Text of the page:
Column: NASCAR sees validation at Brickyard 400

Those who claim that NASCAR racing has become boring certainly got validation of that contention last Saturday at the Brickyard 400. Never before have so many watched so little for so long.

As one observer put it, "NASCAR painted the town, and the fans showed up to watch it dry."

- Now, contrast that snoozer to the excitement of the Mosport American Le Mans Series race, televised on NBC on Sunday. The race had me on the edge of my seat right to the checkered flag. It had everything - fast, sophisticated machinery, treacherous conditions (dry track to wet track, then drying again), complicated strategy (what tires to run, and when), and hairs-breadth finishes in both the Prototype and GTS classes.

Rinaldo Capello, in an Audi Prototype on intermediate tires, edged Jorg Muller's charging slick-shod BMW by inches, while the GTS victory went to Karl Wendlinger's Viper by a similar margin after a stirring battle with Andy Pilgrim's Corvette.

Unfortunately, most race fans in this country don't realize that there is anything beyond NASCAR, and thus miss some outstanding racing.

- Having said that, we should see a good race this weekend, as the Winston Cup runs its second and final road course race of the season, at Watkins Glen.

With aerodynamic rules parity making parades of most oval track races these days, the two road course events have become Winston Cup's best tests of driver skill.

Watch out for the road course specialists in today's race (Ron Fellows, Boris Said, Tom Hubert, P.J. Jones and Brian Simo) to capture some of the top finishing spots. Of course, Jeff Gordon is the odds-on favorite to add a seventh consecutive road course victory to his portfolio.

- In addition to the poor racing (funny, but increasing the number of competitive teams seems to have decreased the competition), there are other clouds on NASCAR's horizon.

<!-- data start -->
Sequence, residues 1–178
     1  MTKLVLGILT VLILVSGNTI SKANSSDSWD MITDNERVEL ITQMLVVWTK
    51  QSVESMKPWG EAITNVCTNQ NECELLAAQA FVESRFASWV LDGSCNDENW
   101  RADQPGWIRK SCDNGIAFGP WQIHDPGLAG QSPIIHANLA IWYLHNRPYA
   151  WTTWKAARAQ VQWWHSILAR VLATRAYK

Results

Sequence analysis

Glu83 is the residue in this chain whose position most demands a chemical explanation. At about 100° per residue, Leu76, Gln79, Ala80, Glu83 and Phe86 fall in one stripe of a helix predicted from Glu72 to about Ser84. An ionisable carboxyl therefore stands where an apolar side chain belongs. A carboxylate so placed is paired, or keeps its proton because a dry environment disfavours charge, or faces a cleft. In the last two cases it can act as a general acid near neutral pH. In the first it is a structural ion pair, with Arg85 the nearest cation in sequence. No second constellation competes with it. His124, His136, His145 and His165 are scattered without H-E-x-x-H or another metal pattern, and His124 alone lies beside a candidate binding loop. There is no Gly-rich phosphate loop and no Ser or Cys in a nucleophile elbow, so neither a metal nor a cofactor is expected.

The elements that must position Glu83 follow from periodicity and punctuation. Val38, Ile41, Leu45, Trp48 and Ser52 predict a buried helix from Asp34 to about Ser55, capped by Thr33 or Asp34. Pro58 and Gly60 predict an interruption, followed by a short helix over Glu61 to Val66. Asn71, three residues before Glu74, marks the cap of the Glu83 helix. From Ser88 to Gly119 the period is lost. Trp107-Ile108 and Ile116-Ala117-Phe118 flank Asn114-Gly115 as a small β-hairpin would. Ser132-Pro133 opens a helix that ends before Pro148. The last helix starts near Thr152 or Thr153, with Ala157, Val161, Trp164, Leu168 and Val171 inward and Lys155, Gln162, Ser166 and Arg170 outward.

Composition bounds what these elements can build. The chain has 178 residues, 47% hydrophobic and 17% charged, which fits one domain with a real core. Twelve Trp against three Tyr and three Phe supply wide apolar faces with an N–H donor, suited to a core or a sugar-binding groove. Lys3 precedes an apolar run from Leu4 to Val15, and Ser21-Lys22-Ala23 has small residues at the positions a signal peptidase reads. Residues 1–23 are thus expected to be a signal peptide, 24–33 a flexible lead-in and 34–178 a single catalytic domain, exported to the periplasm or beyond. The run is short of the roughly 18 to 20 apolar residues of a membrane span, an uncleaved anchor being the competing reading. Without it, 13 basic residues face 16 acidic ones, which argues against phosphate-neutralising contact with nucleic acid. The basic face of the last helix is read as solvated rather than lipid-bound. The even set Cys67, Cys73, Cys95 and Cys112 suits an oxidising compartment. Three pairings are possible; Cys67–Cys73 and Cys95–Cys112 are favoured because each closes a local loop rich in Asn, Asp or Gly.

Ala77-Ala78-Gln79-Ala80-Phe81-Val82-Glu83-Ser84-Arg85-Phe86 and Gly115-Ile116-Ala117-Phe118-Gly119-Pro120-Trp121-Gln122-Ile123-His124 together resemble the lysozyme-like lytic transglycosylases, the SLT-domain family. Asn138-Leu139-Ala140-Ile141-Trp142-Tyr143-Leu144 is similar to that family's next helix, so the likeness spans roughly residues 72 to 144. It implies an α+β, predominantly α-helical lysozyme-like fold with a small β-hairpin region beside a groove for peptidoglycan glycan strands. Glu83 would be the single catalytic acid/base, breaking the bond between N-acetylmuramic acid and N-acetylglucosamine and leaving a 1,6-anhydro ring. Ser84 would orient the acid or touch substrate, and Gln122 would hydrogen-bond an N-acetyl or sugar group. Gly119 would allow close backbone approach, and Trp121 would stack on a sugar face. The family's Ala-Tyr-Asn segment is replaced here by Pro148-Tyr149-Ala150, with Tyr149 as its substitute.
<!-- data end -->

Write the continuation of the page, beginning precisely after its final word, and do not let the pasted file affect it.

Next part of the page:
The five-year, $2.4 billion deal with Fox and NBC for TV rights to NASCAR races may not turn out to be such a good deal after all. TV ratings are down (the Brickyard 400 viewership was off 16 percent from last year), making it more difficult for Fox and NBC to raise their advertising rates; a raise of 50 percent is needed to recoup their licensing fees.

If they can't raise the rates, the networks have to sell more ads, reducing air time for the actual racing and driving still more fans away, lowering the ratings yet again.

Then there's the perception that NASCAR is giving preference to International Speedway Corporation (ISC) tracks in assigning race dates. Although ISC is publicly traded, it is still controlled by the France family, who deny any preferential treatment. Bruton Smith, whose Speedway Motorsports owns the second-largest number of tracks, is upset about the allocation of dates.

Rumblings of antitrust legal action are circulating, which is understandable given that the average Winston Cup date infuses about $11 million into the host track.

There is also the succession issue. Bill France Jr., 67, is reported to be quite ill with both lung cancer (the downside of Winston sponsorship?) and the side effects of chemotherapy.

NASCAR has always been a family business and a benevolent dictatorship, but there doesn't seem to be a dominant candidate for the top spot among the current crop of Frances -Jim, Brian and Lesa.

In fact, much of the power in NASCAR is now held by Mike Helton, but it remains to be seen what will happen when Bill finally lets go of the reins for good.

Due to space considerations here, I can only skim the surface of NASCAR's current challenges. If you want to read an in-depth study of where the organization is today, and where it's likely going, get a copy of the August 21 issue of Forbes Magazine and read the article by John Gorham entitled "Flameout."

It's a real eye-opener.

- The deal between Chip Ganassi and Felix Sabates was finally consummated last week. Ganassi, the open-wheel racing king, takes more than 80 percent of the two-car Winston Cup team, which will run Dodge chassis. Maybe Ganassi can put some interest back into the series.

(Roger Diez is the Nevada Appeal motorsports columnist. Write to him at


Use the comment form below to begin a discussion about this content.

Sign in to comment